Dear Rachel,

I was touched by your response to the letter of an ill 20-year-old girl. We are in a similar situation. My forty-year-old husband has cancer that is "always deadly" and according to our doctors, there is neither a cure nor hope for any future. While he has battled it for twenty months now and our rabbi always tells us that we should never give up, I do not know where to find the hope. I see no earthly evidence that this illness has ended miraculously for anyone. I do not feel like our family would be deserving of a miracle. Why would a miracle happen to us? The illness has already happened; that means we were chosen for a tragedy, not for miracle.

One thing I am trying is to make my husband aware of daily need for performing mitzvot. Doing something for others, even if all he can do is small, like a phone call or a kind e-mail adds a feeling of joy and meaning to our lives. I do not know if it is enough to grant us a miracle, it is not even enough to give us hope. I feel I should do more, there is just not enough time in the overshadowed by illness day and night. We both pray all the time, and it is not that we are disappointed with G‑d. I am just looking for a sign of hope and see none ...


Dear M.J.,

I am so sorry to hear of your pain and the difficult situation you find yourself in. You write of the difficulty in finding hope and feel that you have been chosen for tragedy. We ultimately have no way of knowing or understanding how things happen in this world, but we do have the requirement to believe that things can always change. There is even the idea that if the sword is at your throat, you still cannot despair because things can always turn. This is why suicide is absolutely forbidden according to Jewish law; even when it seems that there is no hope and nothing can be done, there is always hope.

I do understand that the doctors have told you that there is nothing that they can do. Yet, their job is not to provide a death sentence, but rather to work to heal. Even the name in Hebrew for a doctor, rofeh, means healer. Do not listen to their predictions, and tell them not to even share them with you. Right now your husband is alive; they need to do their utmost to keep him that way and make him better. And you need to do your utmost to remain positive and optimistic and believe that nothing prevents G‑d from changing everything around. As quickly as the illness appeared, it can disappear as well.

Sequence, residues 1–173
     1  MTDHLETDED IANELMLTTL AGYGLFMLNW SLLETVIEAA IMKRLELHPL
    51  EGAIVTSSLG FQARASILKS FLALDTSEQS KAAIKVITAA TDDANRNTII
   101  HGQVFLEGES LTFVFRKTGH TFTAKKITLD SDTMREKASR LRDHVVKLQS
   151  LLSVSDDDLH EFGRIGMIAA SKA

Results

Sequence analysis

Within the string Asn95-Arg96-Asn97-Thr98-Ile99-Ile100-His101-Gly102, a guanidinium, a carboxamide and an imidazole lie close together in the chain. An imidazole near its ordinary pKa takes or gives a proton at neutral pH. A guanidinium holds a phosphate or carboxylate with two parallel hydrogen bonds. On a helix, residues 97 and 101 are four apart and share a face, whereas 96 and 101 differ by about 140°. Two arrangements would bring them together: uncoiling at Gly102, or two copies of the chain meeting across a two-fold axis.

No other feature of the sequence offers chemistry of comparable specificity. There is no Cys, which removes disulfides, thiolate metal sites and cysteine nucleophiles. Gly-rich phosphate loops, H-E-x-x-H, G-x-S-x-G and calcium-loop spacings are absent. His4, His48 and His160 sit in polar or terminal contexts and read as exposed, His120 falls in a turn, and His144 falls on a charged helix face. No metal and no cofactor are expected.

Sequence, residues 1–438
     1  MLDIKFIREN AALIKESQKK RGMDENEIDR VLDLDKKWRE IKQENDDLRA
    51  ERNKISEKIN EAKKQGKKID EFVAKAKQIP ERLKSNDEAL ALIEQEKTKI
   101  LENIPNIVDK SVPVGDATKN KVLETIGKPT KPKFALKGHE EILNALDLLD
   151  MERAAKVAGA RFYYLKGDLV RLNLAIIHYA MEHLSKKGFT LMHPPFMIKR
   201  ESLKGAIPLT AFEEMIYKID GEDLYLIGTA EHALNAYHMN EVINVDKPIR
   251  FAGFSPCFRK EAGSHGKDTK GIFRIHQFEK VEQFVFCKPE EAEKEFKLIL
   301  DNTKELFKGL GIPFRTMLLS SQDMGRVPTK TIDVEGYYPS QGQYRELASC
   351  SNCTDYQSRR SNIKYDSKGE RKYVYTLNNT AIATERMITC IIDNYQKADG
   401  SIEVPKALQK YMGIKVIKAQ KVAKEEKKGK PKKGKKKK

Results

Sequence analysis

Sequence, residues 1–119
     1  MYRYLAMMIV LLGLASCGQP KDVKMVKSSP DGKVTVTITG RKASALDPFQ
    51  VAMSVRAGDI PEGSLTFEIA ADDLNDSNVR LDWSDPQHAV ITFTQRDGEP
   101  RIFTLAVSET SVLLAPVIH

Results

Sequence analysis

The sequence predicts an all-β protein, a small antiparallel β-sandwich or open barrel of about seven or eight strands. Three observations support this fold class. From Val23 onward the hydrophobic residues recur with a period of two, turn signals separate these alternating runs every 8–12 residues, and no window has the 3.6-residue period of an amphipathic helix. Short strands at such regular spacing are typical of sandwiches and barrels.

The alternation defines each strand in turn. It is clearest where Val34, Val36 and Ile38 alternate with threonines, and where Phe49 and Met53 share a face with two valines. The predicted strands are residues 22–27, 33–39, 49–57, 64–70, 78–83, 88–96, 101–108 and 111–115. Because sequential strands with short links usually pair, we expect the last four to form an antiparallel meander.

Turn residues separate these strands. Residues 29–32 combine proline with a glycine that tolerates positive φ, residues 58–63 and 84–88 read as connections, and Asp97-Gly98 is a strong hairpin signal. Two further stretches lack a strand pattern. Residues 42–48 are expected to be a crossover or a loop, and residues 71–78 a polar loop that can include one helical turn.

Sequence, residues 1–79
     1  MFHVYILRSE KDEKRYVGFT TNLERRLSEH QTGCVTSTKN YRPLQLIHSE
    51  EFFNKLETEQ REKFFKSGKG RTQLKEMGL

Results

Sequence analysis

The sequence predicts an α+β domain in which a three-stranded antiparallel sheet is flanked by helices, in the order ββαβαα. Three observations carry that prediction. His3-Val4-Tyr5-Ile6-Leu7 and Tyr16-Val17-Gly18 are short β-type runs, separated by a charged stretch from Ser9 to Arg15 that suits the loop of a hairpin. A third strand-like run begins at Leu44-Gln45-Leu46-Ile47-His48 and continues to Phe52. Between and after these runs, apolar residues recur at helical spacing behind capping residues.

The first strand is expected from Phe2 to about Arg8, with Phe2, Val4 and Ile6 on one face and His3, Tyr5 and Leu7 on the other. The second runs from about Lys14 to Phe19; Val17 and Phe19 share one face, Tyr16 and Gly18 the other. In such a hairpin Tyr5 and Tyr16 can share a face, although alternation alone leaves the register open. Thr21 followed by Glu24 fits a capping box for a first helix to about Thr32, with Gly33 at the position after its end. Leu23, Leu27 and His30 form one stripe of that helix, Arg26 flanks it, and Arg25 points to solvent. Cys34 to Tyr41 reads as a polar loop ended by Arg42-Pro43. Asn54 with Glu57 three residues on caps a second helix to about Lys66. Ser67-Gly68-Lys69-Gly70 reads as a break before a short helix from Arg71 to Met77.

Please also know that we have no way of knowing what is a punishment or what is a blessing. Even things that seem to us one way can actually be the other. Meaning that you cannot blame yourself or think that his illness might be a punishment. Rather, focus on ensuring that you are doing the things that you can do to better this world. I had a friend who was childless for years. She felt it was the worst punishment and was devastated. After many different attempts, a doctor decided to do a minor surgery to remove some fibroids that may have been preventing pregnancy.

They did the surgery and sure enough they discovered that her whole uterus had these fibroids, but not only did they prevent her from getting pregnant, they prevented the uterine cancer which filled her uterus from affecting the rest of her body. All those years she thought her infertility was a punishment, only to discover that it had actually saved her life!

And you are right, the more your husband can do, the more it will make him feel better and help those around him. Even in the hospital there is plenty that can be done. He can help cheer up other patients, smile and talk to the nurses and help them know how important their jobs are, he can give charity, pray and use his time to be creative. Get him a journal, let him write, read, learn. This website is a great source of information and there are audio and video classes as well. Let him use his every moment to be productive.

Now that might be easier said than done and it is hard to make someone else act in such a way. But you can encourage him by way of example. If you stay optimistic, if you fill your day with as much positive action as you can, that will help as well. Now I can't even imagine how hard it must be with small kids. And I am sure you are thinking that you don't even have time to breathe, let alone do anything else. Well, if you are not already doing this, one thing I definitely suggest is lighting Shabbat candles. Each Friday night, give yourself a few minutes to just light your candles and pray and focus. The lighting themselves is already illuminating the darkness that you are surrounded by. And Chassidic philosophy teaches us that it only takes a little light to dispel a lot of darkness!

If you do not already light candles, please let me know and I can walk you through the process. I would also speak with your rabbi and find out what kind of support groups are in your area. Do not underestimate your needs throughout this. You need to take care of yourself as well, and not only for yourself, but because your husband and your children NEED you to be healthy.

The Hebrew month we are now entering, Iyar, is actually a Hebrew acronym for the words "Ani Hashem Rofecha" - "I am God, your healer" (Exodus 15:26). We learn that this month is filled with unique healing powers which we need only tap into. Now is an ideal time to increase in prayer and good deeds for your husband, and I pray that your future be filled with health, happiness and success for you, and filled with revealed blessings in all aspects.